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Pregnancy, Postpartum and Motherhood after Anorexia - Bethany's story

I started suffering from anorexia when I was really young, before I even understood what it was or frankly what was happening to me. My journey was very up & down, partly because I was never fully aware of the deep-rooted hold my anorexia had taken on me. As I entered adulthood, I had no awareness that every action of my existence was dictated by my eating disorder. It wasn’t until I became very ill again, at the age of 23/24, that I finally started to untangle myself from the anorexia that had embedded itself so deeply into my brain. This was only made possible because of the fantastic clinic I was being treated by, and the therapists & dieticians I worked with during that time.

However, at this point in my life I WANTED to recover, which is the opposite to how I felt when I was a child/teen. I was engaged to be married, and my lifelong dream of becoming a mummy was possibly only a few short years or less away. I had a job in a career that I loved; I owned my own home… basically on paper I had the perfect life… and then my anorexia took over. When I say I had no control over it, I really mean it. I remember being terrified because I wanted to stop, I didn’t want to be ill, but I felt I had lost all power or ability to stop it. What is so ironic is that for a lot of people – myself included – anorexia is often about control, and yet I have never felt so out of control in my life than I did when I was ill. My periods stopped and this terrified me because all I had ever wanted was to have babies. I could feel everything I loved about my life slipping away in an instant. I was referred to a clinic where I worked incredibly hard at my recovery. Holding on to my dream of getting married, having a beautiful wedding, and one day starting a family was what got me through my recovery.

Then (and I’m skipping a lot here – perhaps a story for another post!) a few years after my recovery came pregnancy! Something I had dreamed about for as long as I can remember, and despite the relentless sickness, I truly loved being pregnant.

But pregnancy after an eating disorder is tough. There are the obvious things, such as your body changing/growing, but then there are the less obvious things. There is the expectation that you will gain weight, which after anorexia (even recovered) is really, really hard. You know it’s coming, and you know you can’t do much about it, and even though you know it’s what your body is meant to do, it is still scary & overwhelming at times. Then there are the stories glorifying those people who never even looked pregnant and didn’t gain any weight, as if that is something to be adored, which I found really tough. Like that was the ultimate pregnancy, being pregnant and not gaining weight! How unrealistic, because absolutely everyone gains weight (and absolutely should gain weight for a healthy pregnancy, birth, and baby!). Then there are the relentless comments about your appearance… How big your bump is or isn’t… How you look glowing or tired or radiant or, pregnant! … and the ‘eating for two’ remarks when, once upon a time, eating for one was hard enough. And no-one ever means anything by it. People would probably be horrified to learn how damaging these (mostly) well-intended comments can be. I was lucky enough to be so thankful & grateful to be pregnant that I let these comments wash over me without much effect.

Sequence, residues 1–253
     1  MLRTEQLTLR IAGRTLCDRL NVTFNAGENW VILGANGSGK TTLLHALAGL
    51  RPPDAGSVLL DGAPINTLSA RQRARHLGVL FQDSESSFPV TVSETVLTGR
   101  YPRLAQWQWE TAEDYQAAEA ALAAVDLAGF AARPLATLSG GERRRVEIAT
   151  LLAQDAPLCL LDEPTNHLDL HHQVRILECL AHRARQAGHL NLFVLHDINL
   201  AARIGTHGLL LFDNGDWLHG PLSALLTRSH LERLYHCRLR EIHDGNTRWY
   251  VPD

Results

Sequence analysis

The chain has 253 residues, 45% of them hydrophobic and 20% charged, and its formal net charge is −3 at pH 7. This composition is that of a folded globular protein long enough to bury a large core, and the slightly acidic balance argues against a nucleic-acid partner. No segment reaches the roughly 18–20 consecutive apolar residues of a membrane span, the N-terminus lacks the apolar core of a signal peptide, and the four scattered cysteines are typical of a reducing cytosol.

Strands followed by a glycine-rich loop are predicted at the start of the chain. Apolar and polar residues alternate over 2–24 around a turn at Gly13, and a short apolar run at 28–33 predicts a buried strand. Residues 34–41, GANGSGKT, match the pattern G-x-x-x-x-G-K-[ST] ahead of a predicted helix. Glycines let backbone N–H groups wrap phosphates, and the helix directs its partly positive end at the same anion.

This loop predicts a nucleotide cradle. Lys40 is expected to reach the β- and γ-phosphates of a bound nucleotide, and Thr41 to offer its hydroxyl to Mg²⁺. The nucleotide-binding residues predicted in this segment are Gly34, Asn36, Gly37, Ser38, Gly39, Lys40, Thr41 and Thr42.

I did, however, find postpartum the hardest of all. From an appearance point of view, naturally, because my body was recovering from growing a whole human! But for me it ran deeper than that. Postpartum with your first baby is a whirlwind. It’s magical, it’s daunting, it’s the most joy you’ve ever experienced mixed with crazy anxiety and bouts of huge sadness (often for nothing in particular). And if – like me – during times of stress or uncertainty, your eating disorder has always been your crutch, where is it that you turn?

You could, of course, let your eating disorder creep in again. That would be the easy option, and truthfully at times the most appealing one. Anorexia is, at the end of the day, an addiction and with addiction comes a numbing of pain when you give in to whatever it is you’re addicted to. But the braver, harder, and more empowering option is to face motherhood head on and say no to letting your anorexia back in. Say no to passing on your habits & insecurities to your daughter. Say no to only living half alive for the next few years. Say no to letting your eating disorder rob anymore from you than it already has.

I had waited my whole life to be a mother, and it was a scary uncertain journey to get here, so there was no doubt in my mind that I was going to waste a second of it being consumed by even the hint of an eating disorder. I want to live fully, and I want to experience motherhood in all its fullness. But most of all I want to be the best mummy to my baby girl that I can be and give her an enriched life free from fearing food or holding herself back. I can’t do those things if I use my anorexia as a coping mechanism anymore.

So, I reach within, and I take care of myself. Mentally, emotionally, and physically. And every time I look at my daughter and her bright, beautiful face, I know that there’s nothing in this world I won’t do, nothing I won’t overcome, to give her the mummy she deserves.

Contributed by Bethany

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